• Field Service. Tools that allow field service techs to post questions and share expertise on diagnostics and repair procedures with other techs around the globe, cutting resolution time for onsite repairs.
  • Professional Services. Technology or services that encourage PS consultants to share best practices and tips and tricks for implementing, customizing and integration products; also enabling collaboration between consultants and development for technology issues.
  • Support Services. Collaboration tools and processes to better enable global support teams to communicate emerging trends or newly discovered bugs, as well as improve communications with other groups within the company—such as development and QA.
  • Education Services. Enabling customers to collaborate on best practices for using technology can generate useful content for education, as well as internal collaboration to share information about training content and techniques that prove effective with a global audience.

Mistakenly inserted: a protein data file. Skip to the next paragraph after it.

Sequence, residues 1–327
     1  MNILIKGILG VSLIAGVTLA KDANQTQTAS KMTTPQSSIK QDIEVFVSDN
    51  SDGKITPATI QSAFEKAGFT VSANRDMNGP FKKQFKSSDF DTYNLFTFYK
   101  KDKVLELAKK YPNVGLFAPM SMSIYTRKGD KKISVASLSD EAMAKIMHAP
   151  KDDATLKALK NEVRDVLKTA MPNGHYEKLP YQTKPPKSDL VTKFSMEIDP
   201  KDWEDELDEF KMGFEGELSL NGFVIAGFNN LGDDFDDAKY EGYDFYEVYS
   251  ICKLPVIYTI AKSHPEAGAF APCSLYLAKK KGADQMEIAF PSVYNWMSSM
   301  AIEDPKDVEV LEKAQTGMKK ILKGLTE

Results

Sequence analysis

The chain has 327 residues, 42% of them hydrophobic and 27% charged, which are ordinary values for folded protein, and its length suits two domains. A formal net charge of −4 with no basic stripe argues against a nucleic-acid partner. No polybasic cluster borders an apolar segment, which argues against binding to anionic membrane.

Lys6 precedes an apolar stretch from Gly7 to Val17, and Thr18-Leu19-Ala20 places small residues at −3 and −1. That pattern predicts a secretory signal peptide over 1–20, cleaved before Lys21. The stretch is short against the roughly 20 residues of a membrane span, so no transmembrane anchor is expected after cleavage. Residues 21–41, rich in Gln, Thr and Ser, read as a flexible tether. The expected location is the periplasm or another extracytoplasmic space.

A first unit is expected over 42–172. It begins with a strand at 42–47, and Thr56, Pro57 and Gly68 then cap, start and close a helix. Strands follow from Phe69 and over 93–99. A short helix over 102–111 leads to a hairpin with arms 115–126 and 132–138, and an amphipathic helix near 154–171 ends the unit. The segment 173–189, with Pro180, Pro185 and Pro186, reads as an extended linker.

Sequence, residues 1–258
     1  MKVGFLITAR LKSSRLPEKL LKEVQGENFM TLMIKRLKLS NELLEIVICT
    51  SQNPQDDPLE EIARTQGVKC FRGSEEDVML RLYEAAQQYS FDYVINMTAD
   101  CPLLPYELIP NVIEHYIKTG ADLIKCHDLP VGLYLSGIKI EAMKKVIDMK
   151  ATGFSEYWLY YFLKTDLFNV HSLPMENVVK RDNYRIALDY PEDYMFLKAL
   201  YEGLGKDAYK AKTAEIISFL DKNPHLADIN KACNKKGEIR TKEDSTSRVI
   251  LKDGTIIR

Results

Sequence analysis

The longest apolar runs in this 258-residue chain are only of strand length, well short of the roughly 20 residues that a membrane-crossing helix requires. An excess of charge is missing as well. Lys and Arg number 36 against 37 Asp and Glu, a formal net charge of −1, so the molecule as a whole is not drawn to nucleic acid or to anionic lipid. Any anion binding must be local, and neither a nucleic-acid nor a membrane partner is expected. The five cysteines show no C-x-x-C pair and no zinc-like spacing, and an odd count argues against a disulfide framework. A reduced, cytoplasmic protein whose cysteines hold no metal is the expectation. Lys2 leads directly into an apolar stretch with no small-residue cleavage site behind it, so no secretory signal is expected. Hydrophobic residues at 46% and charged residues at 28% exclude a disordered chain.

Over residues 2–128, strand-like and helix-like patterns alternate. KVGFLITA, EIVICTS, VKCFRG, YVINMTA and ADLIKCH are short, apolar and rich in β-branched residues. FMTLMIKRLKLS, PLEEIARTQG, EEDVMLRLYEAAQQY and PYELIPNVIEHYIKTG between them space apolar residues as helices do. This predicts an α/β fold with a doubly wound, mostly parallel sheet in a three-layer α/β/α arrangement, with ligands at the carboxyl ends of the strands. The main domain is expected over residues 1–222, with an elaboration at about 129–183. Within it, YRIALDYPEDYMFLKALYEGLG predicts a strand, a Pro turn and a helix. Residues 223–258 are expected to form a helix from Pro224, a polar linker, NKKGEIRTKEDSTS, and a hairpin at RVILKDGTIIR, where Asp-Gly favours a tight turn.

Lydia Zaffini, our director of partner programs, and myself will give a webcast for all TSIA partners on February 4th at 9:30am to discuss the awards, explain the categories, talk about tips for applications, and answer any questions you may have. If you are interested in being a judge for the awards, please send me an email (john.ragsdale@tsia.com). Thanks for reading!

Conversations with STAR Award Winners: Patrick Saeger, VP of Customer Success, SuccessFactors

November 19, 2010

The Technology Services Industry Association (TSIA) began awarding STAR Awards to member companies in 1990 to recognize exceptional service operations. For the very first time, I’m pleased to bring you interviews with some of the STAR Award winners from our recent Technology Services World Conference in Las Vegas. First up is SuccessFactors, the winner of the 2010 STAR Award for Excellence in Emerging Business Support. I’d like to give a warm welcome to Patrick Saeger, Vice President of Customer Success for SuccessFactors.